SF returns diligently monitored following mail-in ballot mistake 

Elections officials are taking an extra step to ensure that mail-in ballots flowing into their office are correct after an error that resulted in hundreds of voters receiving the incorrect document.

As first reported by The Examiner on Wednesday, San Francisco elections officials confirmed that a contractor sent out mail-in ballots containing the wrong name.

Barcodes on mail-in ballots are now being scanned and compared with the voter’s identification and registration after more than 1,000 voters possibly received the wrong ones in the mail due to a printing error, The City’s Elections Department said.

There are roughly 175,000 residents in The City who vote by mail, according to the Elections Department. Each ballot that’s mailed to a voter’s home has their name printed on the return envelope, along with a bar code. The information on the envelope allows the department to check the voter’s signature, which must match one on file from registration cards.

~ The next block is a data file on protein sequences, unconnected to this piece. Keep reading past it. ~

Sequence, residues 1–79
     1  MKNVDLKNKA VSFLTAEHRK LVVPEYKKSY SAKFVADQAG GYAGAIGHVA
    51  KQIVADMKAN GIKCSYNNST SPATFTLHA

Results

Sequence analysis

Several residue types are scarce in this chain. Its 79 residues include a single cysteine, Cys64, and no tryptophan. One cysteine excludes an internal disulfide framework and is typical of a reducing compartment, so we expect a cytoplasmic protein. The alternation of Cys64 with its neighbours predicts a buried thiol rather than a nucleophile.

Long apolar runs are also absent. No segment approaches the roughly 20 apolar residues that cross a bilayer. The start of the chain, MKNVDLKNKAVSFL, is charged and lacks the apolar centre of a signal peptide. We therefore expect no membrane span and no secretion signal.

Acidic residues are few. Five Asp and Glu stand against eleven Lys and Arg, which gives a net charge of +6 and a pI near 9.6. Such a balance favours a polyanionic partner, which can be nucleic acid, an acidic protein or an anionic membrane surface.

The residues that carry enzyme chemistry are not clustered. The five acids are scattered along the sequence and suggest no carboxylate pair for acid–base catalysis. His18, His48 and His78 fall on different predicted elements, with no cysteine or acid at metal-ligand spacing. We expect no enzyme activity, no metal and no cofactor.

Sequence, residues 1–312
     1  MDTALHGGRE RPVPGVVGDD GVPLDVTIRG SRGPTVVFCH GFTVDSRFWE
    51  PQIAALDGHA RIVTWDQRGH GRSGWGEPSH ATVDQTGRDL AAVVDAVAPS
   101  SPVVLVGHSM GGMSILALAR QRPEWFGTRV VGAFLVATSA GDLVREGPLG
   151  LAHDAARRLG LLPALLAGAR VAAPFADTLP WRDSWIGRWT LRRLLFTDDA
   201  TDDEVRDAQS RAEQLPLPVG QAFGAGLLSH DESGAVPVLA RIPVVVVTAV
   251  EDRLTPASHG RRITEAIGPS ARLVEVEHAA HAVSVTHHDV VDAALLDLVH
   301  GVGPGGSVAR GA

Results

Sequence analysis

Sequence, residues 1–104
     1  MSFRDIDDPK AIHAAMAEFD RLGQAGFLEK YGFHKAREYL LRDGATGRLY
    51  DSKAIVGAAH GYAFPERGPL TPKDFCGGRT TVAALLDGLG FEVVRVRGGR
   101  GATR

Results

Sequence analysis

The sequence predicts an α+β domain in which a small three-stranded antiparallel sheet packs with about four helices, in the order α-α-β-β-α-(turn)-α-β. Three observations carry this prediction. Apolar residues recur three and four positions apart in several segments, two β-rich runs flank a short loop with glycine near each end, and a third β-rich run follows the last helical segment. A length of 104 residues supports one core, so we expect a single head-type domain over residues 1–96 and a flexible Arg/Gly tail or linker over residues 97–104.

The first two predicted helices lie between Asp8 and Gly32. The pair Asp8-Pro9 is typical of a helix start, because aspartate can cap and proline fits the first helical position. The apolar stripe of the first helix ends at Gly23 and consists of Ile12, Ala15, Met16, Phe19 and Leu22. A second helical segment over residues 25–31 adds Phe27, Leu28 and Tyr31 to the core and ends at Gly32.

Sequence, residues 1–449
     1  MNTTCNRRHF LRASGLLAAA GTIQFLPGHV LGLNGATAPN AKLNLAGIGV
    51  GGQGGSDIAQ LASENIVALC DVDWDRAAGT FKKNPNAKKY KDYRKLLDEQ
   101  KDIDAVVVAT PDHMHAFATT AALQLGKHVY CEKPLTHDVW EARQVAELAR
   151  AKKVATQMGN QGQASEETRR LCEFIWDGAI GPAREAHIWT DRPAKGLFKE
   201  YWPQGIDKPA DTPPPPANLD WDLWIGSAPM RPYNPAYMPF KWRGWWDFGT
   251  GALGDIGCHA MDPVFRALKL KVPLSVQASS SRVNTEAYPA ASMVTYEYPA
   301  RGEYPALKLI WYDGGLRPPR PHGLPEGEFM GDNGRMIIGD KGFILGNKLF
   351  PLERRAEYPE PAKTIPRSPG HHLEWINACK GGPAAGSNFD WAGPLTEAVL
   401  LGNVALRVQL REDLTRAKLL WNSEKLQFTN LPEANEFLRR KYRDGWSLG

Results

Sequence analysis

As of Friday, about 13,500 voters had cast votes and returned their mail-in ballots. The Elections Department said the number of absentee voters who received the wrong ballots is 300, but there’s no way for it to know unless the voters report the mistake.

John Arntz, director of the department, said he has reissued about 100 ballots so far to voters who received the wrong ones.

Since then, department workers have been on overtime, making more than 3,000 calls to voters to ask if they had the correct ballot, Arntz said.

“The vast majority of people had the right ballot,” Arntz said. “We are calling or sending letters and asking people to make sure they look at the information on their vote-by-mail envelope.”

The Elections Department first started receiving calls May 12, two days after the first ballots were mailed, with voters who reported either getting the wrong ballot or having duplicate ballots.

That’s when officials realized the vendor, K&H Integrated Print Solutions, had mailed the wrong or duplicate ballots to voters.


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